…and here’s how to protect your horse too
With some plants and trees being poisonous, and sometimes fatal, to horses, it’s important you know their names, can recognise them, and are aware of the places they may grow, so you can keep your horse safe. Here are the nine most common poisonous plants to watch out for…
While ragwort has a bitter taste and is rarely eaten by horses when it is growing, when it is wilted or dried it becomes more palatable. This plant contains toxins that result in liver failure and even death, so hay should not be made from fields containing ragwort. Eating just 1-5kg of the stuff over a horse’s life time may be fatal.
Ragwort thrives on poor grazing and wasteland, and each plant produces thou-sands of seeds that are dispersed widely by the wind. Local authorities have legal power to order land owners to clear land containing the weed, and a good guide to identifying it is avai-lable on the Defra website.
It takes two years to fully grow and flower, from a dense rosette of leaves in the first year to producing bright yellow flowers on 30-100cm woody stems in the second. Ragwort thrives on poor grazing and wasteland, but each plant produces thou-sands of seeds that are dispersed widely by the wind.
Ragwort should be controlled by good pasture management, the use of herbicides or manual control when it should be uprooted, remo-ved, and burned. Spray it when the plant is at the rosette stage and don’t wait for the stem to appear. Mowing and cutting ragwort isn’t a good idea as it will make it grow back more quickly.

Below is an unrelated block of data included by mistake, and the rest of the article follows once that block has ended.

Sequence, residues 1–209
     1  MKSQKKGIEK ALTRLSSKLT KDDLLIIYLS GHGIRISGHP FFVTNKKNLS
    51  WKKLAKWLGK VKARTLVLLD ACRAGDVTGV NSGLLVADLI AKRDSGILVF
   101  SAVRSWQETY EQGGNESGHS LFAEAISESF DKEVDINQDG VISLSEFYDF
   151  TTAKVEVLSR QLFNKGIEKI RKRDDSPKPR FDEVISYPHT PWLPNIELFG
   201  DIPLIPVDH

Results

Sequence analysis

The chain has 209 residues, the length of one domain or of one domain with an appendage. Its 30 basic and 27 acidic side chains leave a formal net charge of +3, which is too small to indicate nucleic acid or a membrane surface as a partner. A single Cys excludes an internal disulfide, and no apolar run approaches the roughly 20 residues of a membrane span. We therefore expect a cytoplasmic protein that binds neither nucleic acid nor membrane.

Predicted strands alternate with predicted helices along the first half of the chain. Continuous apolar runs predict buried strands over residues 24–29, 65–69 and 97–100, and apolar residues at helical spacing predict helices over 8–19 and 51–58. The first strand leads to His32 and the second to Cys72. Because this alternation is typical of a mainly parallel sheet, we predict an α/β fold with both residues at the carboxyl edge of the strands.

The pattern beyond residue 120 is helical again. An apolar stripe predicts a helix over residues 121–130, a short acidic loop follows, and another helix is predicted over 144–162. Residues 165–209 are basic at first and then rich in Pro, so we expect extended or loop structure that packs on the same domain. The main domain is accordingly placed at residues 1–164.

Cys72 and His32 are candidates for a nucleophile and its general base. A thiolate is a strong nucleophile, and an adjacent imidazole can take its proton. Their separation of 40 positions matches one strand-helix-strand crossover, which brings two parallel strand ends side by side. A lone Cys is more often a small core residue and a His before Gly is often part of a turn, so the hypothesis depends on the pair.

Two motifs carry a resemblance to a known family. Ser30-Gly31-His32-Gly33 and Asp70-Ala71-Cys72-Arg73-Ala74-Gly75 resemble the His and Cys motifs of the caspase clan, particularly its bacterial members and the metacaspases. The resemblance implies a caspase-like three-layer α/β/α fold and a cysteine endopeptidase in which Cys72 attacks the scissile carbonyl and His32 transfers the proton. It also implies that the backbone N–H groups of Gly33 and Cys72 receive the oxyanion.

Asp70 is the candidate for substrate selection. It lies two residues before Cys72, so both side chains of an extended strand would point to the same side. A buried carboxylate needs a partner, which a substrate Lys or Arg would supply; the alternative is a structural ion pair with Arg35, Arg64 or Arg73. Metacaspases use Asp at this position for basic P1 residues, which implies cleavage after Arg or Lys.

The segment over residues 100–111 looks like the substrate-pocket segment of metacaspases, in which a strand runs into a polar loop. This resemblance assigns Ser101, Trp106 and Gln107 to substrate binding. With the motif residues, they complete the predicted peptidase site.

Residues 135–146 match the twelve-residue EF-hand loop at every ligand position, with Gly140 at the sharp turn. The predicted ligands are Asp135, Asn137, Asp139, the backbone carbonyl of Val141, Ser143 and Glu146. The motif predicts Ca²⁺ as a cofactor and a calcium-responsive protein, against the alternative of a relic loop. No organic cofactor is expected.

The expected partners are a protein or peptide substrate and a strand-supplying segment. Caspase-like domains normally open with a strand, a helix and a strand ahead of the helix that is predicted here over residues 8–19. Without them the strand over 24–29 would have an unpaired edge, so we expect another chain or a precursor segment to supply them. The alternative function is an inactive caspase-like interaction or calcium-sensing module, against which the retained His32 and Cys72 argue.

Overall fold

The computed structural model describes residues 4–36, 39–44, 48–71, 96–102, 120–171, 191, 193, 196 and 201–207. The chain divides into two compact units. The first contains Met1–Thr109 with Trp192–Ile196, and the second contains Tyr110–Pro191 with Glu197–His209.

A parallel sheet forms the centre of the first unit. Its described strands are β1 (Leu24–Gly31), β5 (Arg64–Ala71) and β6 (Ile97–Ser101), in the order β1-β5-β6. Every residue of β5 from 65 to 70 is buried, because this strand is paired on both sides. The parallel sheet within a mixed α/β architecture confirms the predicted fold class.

Horses will not normally eat fresh foxglove but it is more palatable in hay and just 100g could prove fatal. Symptoms of foxglove poisoning include, contracted pupils, convulsions, breathing difficulties and death after only a few hours.
Despite its name, poisoning from nightshade is not normally fatal to horses but can cause unconsciousness, dila-tion of the pupils and convul-sions.
Buttercups are poisonous to horses if eaten fresh, but a horse would need to eat large amounts to die from eating them.
Seek professional advice on spraying to remove from grazing areas. Dried butter-cups are harmless in hay.
Oak trees pose a particular threat to horses when they drop their acorns in the autumn. Acorns are relished by many horses and can lead to severe colic and poisoning if eaten in large quantities.
Collect the acorns up, or move horses to a place without oak in the autumn.
Is common in gardens, and the fallen leaves and berries are as lethal to your horse as the fresh plant – so be careful of fallen leaves and berries being blown into your field, even if the hedges are fenced off.
Just 0.5kg can be fatal, with the horse falling into an insensitive state similar to sleep.
Is also common in gardens so be careful of neighbours hedges and the possibility of people dumping cuttings in the field.
Box privet is the most dangerous, as eating even small quantities can kill a horse.
Very small quantities of this are highly toxic to horses, causing death by failure of the respiratory system.
Sycamore, maple and other acers
This is known as seasonal as it is thought that the helicopter seeds in autumn, and the saplings in spring, contain Hypoglycin-A that causes atypical myopathy in horses. Find out more about atypical myopathy here.
Symptoms include muscular stiffness, reluctance to walk, muscle tremors, sweating, depression, high heart rate, dark urine (reddish in colour). Your horse may appear weak and may have difficulty standing, breathing difficulties, but may still want to eat. Call your vet as quickly as you can.